A HUNDRED THOUSAND WORLDS, the debut novel by Bob Proehl, is a beautiful and quirky book mixing pop culture satire with a compelling family journey. It is published by Viking, an imprint of Penguin Random House. Read my review here.
“For all its acrobatic wit and outsize charm, at its heart this is the love story of two everyday heroes–a mother and son–who, like their author, possess the superpower of storytelling. A ‘Cavalier & Clay’ for the Comic-Con age, ‘A Hundred Thousand Worlds’ is a bighearted, inventive, exuberant debut.”
–Eleanor Henderson, author of “Ten Thousand Saints”
BOB PROEHL grew up in Buffalo, New York, where his local comics shop was Queen City Bookstore. He has worked as a bookseller and programming director for Buffalo Street Books, a DJ, a record store owner, and a bartender. He has written for the 33⅓ book series and worked as a columnist and reviewer for the arts and culture site PopMatters.com. Proehl currently lives in Ithaca, New York with his wife, stepson, and daughter. It is my pleasure to share with you this interview.
HENRY CHAMBERLAIN: Your novel is a mix of family drama and satire. I see it in the long tradition of novels. Are you more of a traditional writer?
BOB PROEHL: I’m a fairly traditional writer. I write long form. I write novels. I sat down with this and I knew, pretty early on, that it was a big project, of novelistic length.
HC: Your satire seems to have a gentle bite to it while still being complex. You’re critiquing consumer culture and corporate interest while you’re also celebrating storytelling. Can you speak to that?
BP: It’s written very much from that fan community. I’ve been a comic book fan for as long as I can remember. It’s a community that I see too often portrayed in a really negative light. I think the general public perception of geekdom, or fandom, comes from that “Big Bang Theory” portrayal: nerds living in their mother’s basements. And that’s not true. It’s not true to my experience or what I see at cons or when I talk to other people. So, while I did want to poke a little bit of fun, I also wanted to put out a more positive portrayal of that subculture.
HC: Well, I see a fun satire, like when you have, in the book, the superhero, The Ferret; or your parody of “The X-Files” which you call, “Anamoly.” There’s a certain level of snark, or am I reading that wrong?
BP: Very loving snark. The Ferret is sort of my Spider-Man stand-in. Basically, there’s nothing that much more absurd about a character with magical ferret powers than another character who gets bitten by a radioactive spider and gets really strong and agile. So, if there is some snark there, it’s done with a lot of love.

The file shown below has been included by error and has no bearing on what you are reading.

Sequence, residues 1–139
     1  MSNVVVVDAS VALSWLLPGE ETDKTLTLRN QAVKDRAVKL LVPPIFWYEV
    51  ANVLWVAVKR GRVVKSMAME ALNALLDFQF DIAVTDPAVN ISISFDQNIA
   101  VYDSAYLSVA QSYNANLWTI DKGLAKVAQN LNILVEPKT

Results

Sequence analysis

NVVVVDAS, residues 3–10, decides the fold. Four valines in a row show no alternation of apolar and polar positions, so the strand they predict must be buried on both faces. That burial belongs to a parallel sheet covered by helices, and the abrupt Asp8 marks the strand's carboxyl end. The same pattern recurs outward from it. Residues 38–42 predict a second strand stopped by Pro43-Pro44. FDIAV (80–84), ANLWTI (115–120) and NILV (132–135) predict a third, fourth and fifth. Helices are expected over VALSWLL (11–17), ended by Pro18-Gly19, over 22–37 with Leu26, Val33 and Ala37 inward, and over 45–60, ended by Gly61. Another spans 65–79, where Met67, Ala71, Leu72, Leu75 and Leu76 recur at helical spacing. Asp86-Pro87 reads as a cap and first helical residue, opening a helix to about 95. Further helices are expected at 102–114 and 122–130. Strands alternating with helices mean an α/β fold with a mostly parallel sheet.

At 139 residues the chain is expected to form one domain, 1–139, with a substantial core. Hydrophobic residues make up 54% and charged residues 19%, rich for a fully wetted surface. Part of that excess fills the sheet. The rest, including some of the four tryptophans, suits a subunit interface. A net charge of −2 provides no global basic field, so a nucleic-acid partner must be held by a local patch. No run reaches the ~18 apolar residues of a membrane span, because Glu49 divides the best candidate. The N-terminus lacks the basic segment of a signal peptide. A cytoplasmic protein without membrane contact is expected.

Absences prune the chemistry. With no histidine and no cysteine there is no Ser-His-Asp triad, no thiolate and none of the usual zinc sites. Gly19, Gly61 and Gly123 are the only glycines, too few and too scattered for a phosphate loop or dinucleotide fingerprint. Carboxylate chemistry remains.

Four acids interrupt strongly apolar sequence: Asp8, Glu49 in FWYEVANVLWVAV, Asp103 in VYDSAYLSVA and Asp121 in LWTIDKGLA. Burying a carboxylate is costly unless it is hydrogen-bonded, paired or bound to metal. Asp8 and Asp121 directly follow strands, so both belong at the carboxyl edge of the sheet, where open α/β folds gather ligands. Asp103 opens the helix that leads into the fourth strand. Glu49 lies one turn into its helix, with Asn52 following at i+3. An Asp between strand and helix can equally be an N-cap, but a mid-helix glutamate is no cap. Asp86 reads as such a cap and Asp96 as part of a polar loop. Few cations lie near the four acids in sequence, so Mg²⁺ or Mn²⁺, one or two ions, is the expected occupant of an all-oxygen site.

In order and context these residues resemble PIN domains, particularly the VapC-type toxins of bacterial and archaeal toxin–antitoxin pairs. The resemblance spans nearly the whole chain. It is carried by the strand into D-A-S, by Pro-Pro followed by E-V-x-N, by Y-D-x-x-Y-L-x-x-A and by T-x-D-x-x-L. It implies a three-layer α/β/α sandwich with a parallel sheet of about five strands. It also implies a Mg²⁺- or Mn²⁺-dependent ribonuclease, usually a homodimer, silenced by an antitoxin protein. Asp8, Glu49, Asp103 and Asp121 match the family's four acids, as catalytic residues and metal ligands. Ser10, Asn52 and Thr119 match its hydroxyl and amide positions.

HC: Share with us the storytelling going on between Valerie and Alex. She recites bedtime stories to her son based on plot lines from the hit sci-fi show she used to star in. That’s her way of revealing. How did that device come about?
BP: That was a device that developed over the course of a couple of drafts. When I first wrote it, it was clear to me that she was just recounting plots. And, as the idea developed, it became more of an interactive thing between her and Alex. I went back and reread Margaret Atwood’s “Blind Assassin” which does this brilliant thing where two of the characters are co-creating a science fiction story. They’re playing it back and forth like a narrative tennis. That same thing is happening between Alex, the boy in my story, and Brett, the comic book creator. They end up collaborating. What I wanted to get across with Val and her son, Alex, is that storytelling drifts that way anyway. The way she tells the stories from these episodes has to do with where they’re at and is very responsive to what he needs and what he needs to know.
HC: Tell us about how the origin story sections in your book came about. Some are superhero origin stories and some are origin stories for the characters in the book.
BP: I really love the phrase, “secret origin.” It’s an old DC Comics term. You knew about the character’s past but they’d then introduce this new bit of information. I saw that as part of the backstory in my book. They were sort of thought experiments, especially for the superhero ones. Just emoting, or empathizing with the high concepts of superhero characters. Backstory can be difficult to organically bring into the story. I wanted these origin pieces to be little stories in themselves. The one for the Idea Man was originally not backstory but the beginning of the narrative. It made for a clunky start so it became a flashback. And the one with Val in the theater was one of the last chapters to be written and it didn’t come together until a third draft. While I was working on it, I called a friend who is a stage actor and acted him about his process for preparing a scene. That actually helped.